SEACOW POND, P.E.I. – A P.E.I. dairy farmer’s attempt to save money on feed — he fed his cows seaweed from a nearby beach — has led to a discovery that could bring a substantial reduction in greenhouse gases worldwide.
A researcher found the seaweed reduced the methane in the cows’ burps and farts, a key contributor to climate change.
“Considering that agriculture is one of the big contributors to the global greenhouse gas inventory, it’s pretty huge,” said agricultural scientist Rob Kinley.
More than 10 years ago, Joe Dorgan was a dairy farmer in Seacow Pond, near the northwestern tip of the province, with many of his cows grazing near the shore.
He decided to convert to an organic dairy farm and, as a way to save money, he started feeding seaweed to the cows as their source of minerals and vitamins.
“You live right on the beach here and our ancestors used seaweed for everything, for their animals, for their fertilizer, the whole thing,” he said.
The seaweed is plentiful and washes up on the local beaches where it is gathered using rakes hauled by horses.
“This is 100 per cent natural. As the storms toss it ashore on the beach, we gather it, dry it, process it and feed it,” he said.
Dorgan said the seaweed-fed cows were healthier and produced more milk. That’s when the light went on and he saw a business opportunity.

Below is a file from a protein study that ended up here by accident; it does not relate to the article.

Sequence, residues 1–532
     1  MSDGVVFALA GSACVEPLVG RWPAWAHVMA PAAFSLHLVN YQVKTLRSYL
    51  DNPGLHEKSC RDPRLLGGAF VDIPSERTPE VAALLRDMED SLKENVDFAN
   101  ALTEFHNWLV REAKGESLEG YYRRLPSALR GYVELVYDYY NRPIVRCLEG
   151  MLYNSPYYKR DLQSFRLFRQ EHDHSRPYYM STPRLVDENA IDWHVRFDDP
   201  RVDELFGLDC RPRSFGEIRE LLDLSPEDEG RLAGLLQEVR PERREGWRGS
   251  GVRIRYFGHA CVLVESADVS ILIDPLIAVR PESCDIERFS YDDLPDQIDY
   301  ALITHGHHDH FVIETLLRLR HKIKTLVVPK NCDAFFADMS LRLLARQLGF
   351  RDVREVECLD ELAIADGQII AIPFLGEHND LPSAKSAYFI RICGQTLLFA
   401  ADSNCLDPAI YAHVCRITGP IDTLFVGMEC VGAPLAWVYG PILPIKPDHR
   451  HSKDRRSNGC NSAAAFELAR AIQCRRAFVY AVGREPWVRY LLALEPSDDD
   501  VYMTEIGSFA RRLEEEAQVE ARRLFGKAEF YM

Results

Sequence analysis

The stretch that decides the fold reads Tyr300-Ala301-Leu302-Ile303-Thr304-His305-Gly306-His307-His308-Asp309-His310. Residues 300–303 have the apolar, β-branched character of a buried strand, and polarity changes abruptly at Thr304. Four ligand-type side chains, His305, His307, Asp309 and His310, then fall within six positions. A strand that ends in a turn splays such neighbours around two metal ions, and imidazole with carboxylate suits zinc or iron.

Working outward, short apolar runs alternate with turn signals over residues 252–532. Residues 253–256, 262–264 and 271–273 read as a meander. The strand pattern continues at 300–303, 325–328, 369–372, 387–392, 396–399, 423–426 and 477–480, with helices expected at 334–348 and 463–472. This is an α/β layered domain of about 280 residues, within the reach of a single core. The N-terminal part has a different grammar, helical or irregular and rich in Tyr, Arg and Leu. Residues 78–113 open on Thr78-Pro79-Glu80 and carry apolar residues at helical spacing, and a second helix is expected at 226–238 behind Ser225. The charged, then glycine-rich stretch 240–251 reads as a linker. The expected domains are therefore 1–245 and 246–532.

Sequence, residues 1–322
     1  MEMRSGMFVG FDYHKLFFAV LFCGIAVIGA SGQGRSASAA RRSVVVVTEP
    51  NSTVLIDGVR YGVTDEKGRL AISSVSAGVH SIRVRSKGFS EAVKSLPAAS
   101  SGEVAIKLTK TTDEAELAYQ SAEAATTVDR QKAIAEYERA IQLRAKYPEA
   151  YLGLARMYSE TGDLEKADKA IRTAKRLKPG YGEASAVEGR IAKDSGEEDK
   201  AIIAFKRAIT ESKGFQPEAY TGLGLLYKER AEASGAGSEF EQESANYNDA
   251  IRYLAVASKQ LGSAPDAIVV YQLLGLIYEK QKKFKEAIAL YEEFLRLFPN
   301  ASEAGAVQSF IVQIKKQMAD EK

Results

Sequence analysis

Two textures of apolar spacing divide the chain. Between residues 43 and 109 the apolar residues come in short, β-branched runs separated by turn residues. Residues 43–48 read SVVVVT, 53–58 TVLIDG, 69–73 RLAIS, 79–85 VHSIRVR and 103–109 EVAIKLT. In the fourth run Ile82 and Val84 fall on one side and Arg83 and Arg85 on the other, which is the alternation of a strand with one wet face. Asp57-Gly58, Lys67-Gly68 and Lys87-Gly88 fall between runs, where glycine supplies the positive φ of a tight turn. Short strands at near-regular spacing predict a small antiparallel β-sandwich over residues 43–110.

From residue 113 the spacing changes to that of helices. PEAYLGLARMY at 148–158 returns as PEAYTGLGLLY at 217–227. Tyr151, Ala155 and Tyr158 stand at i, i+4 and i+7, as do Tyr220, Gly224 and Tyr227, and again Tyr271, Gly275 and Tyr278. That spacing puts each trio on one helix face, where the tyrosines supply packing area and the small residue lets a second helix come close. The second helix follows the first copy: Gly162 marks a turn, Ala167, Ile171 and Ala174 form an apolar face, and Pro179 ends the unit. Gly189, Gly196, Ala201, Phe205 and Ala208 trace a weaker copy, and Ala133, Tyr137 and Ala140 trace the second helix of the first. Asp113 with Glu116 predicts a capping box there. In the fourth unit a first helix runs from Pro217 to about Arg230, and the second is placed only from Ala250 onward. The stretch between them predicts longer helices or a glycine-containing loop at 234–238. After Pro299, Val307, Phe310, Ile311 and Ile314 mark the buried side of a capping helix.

He sold his herd, and sought to get his seaweed product approved by the Canadian Food Inspection Agency for sale to other farmers.
Kinley, then at Dalhousie University’s faculty of Agriculture in Truro, N.S., was asked to test the animal feed that Dorgan was producing.
Kinley discovered that the product reduced the methane in the cows’ gaseous output by about 20 per cent.
He wondered if there might be other seaweeds around the world that might be even more effective at reducing the methane.
“That’s when I started the global search that brought me to Australia looking for that super seaweed, and it didn’t take long before I found it,” he said in an interview from Townsville, Australia, where he works for the Commonwealth Scientific and Industrial Research Organisation.
“In the laboratory it was a bit of a shocker when I first found it because I thought the instruments weren’t working properly because I couldn’t find methane at all. It was reducing methane below the detection limits of the instruments we were using. I had never seen that before,” he said.
Agriculture is one of the big contributors to the global greenhouse gas inventory — anywhere from 15 to 25 per cent.
The cows, sheep and other animals being served the feed still burp and fart — but it’s almost methane free. (Kinley said 90 per cent of the methane actually comes from the burps, not the flatulence.)
Right now, there’s not enough of the particular seaweed readily available to make it commercially viable, but Kinley said he’s trying to convince some companies to get involved.
“What we need to do is find companies that already grow seaweed that are willing to change their ways. Once we can show them that it is economically viable and environmentally responsible to do so, that shouldn’t be a problem,” he said.
Most farmed seaweed is now used for cosmetics, pharmaceuticals, and fertilizers. However, Kinley said growing seaweed for animal feed would become more attractive if a carbon value is attached to it.
Meanwhile Dorgan’s company, North Atlantic Organics, is trying to keep up with demand for its products — shipping across Canada and the United States, and some overseas.
It’s even being supplied to dog sledders in the Yukon, who feed it to their dogs, he said.
— By Kevin Bissett in Fredericton.